So, as I write this, the Nintendo Switch event is just two short hours away.
(And yes, I live in the UK and yes, I’m up to watch it at 4am and yes indeed that’s insane, I know this and you don’t need to tell me.)
With all the talk, rumours, speculation and leaks that have happened over the last few months, as well as the incredible pre-event build-up and undeniable hype for it, I thought rather than speculate on games, hardware or even additional functions, I’d speculate instead on why the Nintendo Switch has been an unavoidable thing since the late Satoru Iwata mentioned it way, way back in March of 2015. Why during 2016, it was impossible to go a day without someone, somewhere proclaiming they had information about the thing, and how every media outlet – including the Daily Mail, CNN and even Fox News couldn’t avoid reporting on it. Because, hey, isn’t Nintendo irrelevant in video games now?
Of course Nintendo isn’t irrelevant; far from it. For all the talk of their hardware issues, one thing has always been clear – Nintendo likes to try different things, and adapt consoles for markets going forward. And whilst they’ve had a few duds over the years – most hardware companies do, unfortunately – even in their darkest moments the company seems to be light-years ahead in certain aspects, and it is often only with the benefit of hindsight that anyone gives Nintendo any credit for their accomplishments in the video game sphere.
When 3D began to become the de-facto movement in video games, Nintendo took a long, hard look at the control schemes and decided – this isn’t good enough, and so the Analog Stick was pushed for the Nintendo 64. This was a full year before Sony got in on the act; and Sony, despite being largely borne of Nintendo’s temperamental period in the mid to late nineties, had little option to follow. Super Mario 64 was a revelation on the market; not only a fully immersive 3D world, with a lot of 360-degree movement in swimming and even flying, but the analog stick brought with it a simpler, intuitive sense of movement. Gently nudge the stick to move slowly, sneaking. Whack it to the edge and sprint, with some variance between the two. Sure, Sony might have got there eventually – but Nintendo was the first company arguably to marry the new hardware capable of pushing 3D graphics with a control mechanism that took advantage of the potential in the hardware.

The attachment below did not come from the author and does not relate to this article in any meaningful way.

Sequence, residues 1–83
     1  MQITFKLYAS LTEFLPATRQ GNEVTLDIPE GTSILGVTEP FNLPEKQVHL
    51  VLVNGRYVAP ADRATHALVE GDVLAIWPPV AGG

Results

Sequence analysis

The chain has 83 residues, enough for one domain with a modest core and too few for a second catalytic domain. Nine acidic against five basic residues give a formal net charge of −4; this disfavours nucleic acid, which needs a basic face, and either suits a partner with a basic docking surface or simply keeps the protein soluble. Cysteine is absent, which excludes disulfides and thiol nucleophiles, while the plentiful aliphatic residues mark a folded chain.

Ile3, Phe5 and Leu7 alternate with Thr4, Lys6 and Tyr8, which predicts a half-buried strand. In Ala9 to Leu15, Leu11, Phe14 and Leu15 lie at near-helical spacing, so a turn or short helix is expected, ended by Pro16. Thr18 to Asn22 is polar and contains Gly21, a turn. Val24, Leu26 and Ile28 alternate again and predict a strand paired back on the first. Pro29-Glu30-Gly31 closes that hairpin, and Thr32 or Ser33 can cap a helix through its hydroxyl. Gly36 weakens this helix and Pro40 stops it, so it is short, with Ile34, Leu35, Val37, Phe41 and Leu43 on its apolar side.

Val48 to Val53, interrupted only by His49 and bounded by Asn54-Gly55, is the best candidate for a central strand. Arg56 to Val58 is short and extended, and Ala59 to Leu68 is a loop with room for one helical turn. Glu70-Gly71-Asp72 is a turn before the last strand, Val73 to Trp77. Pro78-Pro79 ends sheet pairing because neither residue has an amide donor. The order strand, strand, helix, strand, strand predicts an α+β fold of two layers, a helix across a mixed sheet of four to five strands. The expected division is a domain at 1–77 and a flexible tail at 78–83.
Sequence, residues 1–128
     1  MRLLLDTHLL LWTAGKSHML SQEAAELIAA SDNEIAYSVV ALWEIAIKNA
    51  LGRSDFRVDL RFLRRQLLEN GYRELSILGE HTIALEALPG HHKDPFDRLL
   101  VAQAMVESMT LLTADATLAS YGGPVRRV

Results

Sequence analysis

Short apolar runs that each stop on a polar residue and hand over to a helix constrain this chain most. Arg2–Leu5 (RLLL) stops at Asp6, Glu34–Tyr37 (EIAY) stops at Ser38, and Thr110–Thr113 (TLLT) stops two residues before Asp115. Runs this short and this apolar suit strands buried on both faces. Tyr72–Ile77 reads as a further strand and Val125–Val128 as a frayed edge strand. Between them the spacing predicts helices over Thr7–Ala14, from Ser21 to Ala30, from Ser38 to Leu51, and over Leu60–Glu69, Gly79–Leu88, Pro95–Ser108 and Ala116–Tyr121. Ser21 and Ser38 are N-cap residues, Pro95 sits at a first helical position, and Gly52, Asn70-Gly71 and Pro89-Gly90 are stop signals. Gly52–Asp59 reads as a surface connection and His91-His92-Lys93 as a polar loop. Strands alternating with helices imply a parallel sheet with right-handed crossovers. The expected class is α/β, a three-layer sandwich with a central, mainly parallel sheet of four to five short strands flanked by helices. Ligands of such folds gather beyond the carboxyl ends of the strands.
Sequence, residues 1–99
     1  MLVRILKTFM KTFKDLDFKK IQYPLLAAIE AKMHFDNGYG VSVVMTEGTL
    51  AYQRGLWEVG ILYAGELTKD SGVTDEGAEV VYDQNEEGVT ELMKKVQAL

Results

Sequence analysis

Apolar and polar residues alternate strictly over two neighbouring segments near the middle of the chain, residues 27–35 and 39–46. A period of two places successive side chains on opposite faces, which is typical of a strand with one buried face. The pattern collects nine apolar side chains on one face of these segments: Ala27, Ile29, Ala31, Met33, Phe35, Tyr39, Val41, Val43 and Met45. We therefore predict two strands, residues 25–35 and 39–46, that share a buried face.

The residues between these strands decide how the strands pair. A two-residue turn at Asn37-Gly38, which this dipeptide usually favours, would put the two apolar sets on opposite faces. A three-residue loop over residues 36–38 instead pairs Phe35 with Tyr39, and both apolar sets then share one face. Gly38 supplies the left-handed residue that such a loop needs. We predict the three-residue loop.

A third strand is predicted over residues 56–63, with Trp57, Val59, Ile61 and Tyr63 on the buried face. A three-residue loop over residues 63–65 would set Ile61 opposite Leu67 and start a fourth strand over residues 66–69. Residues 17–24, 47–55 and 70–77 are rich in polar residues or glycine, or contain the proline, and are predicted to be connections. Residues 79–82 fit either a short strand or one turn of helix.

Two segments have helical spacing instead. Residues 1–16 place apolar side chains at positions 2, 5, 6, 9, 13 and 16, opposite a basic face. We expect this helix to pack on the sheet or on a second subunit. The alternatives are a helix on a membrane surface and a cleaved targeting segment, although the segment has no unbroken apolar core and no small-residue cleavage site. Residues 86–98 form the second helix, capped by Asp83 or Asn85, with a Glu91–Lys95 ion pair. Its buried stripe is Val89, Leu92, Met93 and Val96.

Look at your games today, and a lot of the time you’ll find things Nintendo helped to pioneer. Sure, they weren’t perfect – nothing except for Eva Green is (I need Penny Dreadful back in my life!) – but Nintendo was there, forging a path in periods when no-one was thankful (and no-one cared that Nintendo was there at the beginning of it all). Your game progression thing? Nintendo was there early on; pushing a specific and understandable goal rather than a non-specific task. You like Dark Souls? Well, thank Metroid for being the origin of the freeform open-world thing.
This is what makes Nintendo relevant, now more than ever.
You see, many people have felt let down by Generation 8. And that’s an understandable feeling; not simply because so many games have been exploitative, unfinished tech concepts rather than actual games in their own right but largely because nothing interesting happened, apart from VR which itself appears to be sinking faster than even I expected it to. Nintendo’s Wii U could have been a game-changer; and I’ve mentioned this before but it is worth mentioning, straight after the Wii U was revealed, within weeks Sony and Microsoft had their own variations on the Wii U Gamepad – namely, the Vita Controller Sync and Microsoft Glass. When the Wii U began to bomb, Sony and Microsoft fled both of these concepts in record time. But why would they have bothered even creating workable demonstrations for their shows if they weren’t going to use them? Well, it’s because Sony and Microsoft both saw what Nintendo was doing… and decided they wanted to tag along with their own variations! Now, does that sound like an irrelevant company to you? When arguably two of the biggest companies in the world are willing to spend vast sums of money just to compete with your new idea?